IBT: What are some of the major trends that you are witnessing in the global F&B market? How well poised is the Indian F&B industry to capitalize on this trend?
Hiten Bhimani: International markets are becoming highly quality conscious. The US, Australia, Japan, and particularly the EU are making their food import norms increasingly more stringent. In the near future the vast majority of global demand will shift to pesticide residue-free food grains.
India’s agricultural sector is dominated by government policies. Chief among these is the MSP (minimum support price) scheme. The classification of rice by Indian authorities is overly simplistic and completely misaligned with global rice market norms. This makes effective marketing next to impossible. Many of India’s indigenous rice varieties have remarkable properties. Sadly these are being lost due to improper classification. These issues put a big strain on the ability of Indian food grain exports to compete globally.
IBT: What are your company’s plans vis-a-vis market/product diversification? Tell us more about the reasons for going ahead with these markets or the innovation going behind venturing into these new products?
Hiten Bhimani: SGI is a leading exporter of indigenous rice varieties, notably
- Sona masoori rice,
- Ponni boiled rice,
- Idly rice,
- Matta rice,
- Jeera rice
SGI is highly specialized in these products which are table varieties of rice consumed by South Asian communities worldwide. We have loyal clients in the US and the EU to whom we have been exporting continuously for over a decade. SGI is happy to announce the first shipment to our new official distributors in Australia. We regularly export to Japan, China, GCC countries, and other regions.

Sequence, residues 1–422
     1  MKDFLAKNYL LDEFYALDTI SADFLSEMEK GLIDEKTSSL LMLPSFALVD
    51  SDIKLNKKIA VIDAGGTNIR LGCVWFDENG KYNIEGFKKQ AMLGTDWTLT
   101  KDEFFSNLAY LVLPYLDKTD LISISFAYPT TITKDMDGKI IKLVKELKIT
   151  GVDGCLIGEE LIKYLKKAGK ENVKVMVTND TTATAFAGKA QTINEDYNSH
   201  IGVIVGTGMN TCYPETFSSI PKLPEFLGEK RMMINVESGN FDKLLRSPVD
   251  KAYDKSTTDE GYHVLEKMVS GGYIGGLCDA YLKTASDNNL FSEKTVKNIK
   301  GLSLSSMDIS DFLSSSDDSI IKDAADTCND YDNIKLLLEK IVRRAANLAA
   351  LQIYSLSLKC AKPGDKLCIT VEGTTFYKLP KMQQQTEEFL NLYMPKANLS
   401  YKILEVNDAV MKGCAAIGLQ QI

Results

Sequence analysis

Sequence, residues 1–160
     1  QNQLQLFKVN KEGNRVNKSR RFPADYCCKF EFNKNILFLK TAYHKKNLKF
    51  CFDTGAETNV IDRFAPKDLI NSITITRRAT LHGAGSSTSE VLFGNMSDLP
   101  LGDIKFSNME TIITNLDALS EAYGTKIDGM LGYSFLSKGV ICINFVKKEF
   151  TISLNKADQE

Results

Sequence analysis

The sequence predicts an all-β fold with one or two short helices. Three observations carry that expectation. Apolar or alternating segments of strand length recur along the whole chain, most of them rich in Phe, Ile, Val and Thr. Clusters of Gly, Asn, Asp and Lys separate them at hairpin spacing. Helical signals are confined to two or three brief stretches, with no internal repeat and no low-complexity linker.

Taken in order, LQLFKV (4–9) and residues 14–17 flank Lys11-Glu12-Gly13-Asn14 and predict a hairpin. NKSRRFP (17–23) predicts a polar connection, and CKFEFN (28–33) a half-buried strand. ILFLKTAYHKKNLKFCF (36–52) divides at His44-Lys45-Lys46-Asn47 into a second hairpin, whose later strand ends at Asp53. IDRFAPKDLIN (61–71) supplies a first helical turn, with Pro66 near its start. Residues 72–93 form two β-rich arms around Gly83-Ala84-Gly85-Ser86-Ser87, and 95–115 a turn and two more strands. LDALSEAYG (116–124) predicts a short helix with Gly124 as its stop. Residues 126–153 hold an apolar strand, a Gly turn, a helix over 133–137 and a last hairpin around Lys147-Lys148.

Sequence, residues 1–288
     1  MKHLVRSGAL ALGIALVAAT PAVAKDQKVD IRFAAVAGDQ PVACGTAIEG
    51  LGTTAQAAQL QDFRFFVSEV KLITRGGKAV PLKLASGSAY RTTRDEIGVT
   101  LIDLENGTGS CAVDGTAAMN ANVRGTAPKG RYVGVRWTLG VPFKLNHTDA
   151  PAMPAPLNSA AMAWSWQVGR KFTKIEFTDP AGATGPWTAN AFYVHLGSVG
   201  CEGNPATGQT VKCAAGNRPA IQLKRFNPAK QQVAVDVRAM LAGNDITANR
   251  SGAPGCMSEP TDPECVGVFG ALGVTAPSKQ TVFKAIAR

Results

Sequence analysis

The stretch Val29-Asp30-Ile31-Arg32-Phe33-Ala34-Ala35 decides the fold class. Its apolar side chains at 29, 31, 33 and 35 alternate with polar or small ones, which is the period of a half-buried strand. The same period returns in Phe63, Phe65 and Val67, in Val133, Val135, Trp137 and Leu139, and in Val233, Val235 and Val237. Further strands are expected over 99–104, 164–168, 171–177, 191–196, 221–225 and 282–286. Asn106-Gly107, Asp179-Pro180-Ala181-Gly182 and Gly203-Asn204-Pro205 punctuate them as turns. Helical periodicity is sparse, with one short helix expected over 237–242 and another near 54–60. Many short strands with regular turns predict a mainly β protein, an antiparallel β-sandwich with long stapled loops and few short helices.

At present, we are looking to further expand our product reach in the EU and Latin America. We bring decades of excellence in quality and consistency. SGI products exceed the most stringent food grain import standards in place in the EU and elsewhere today. SGI is looking to further expand our product portfolio in highly demanding global markets with new product ranges including as spices, pickles, lentils, and more.
IBT: What are your thoughts about Indusfood? What are your expectations from the upcoming edition of the show?
Hiten Bhimani: Indusfood is easily among the most valuable events organized by the TPCI. Because it is sector-specific and invite-only, the relevance of Indusfood is very high. Buyers and sellers benefit from the right ambience and sufficient time to interact. Compared to other events, discussions at Indusfood have a superior probability of materializing into real contracts. The event format is close to optimal and I hope you don’t change it. I expect to return from Indusfood 2023 with more than one new business deal.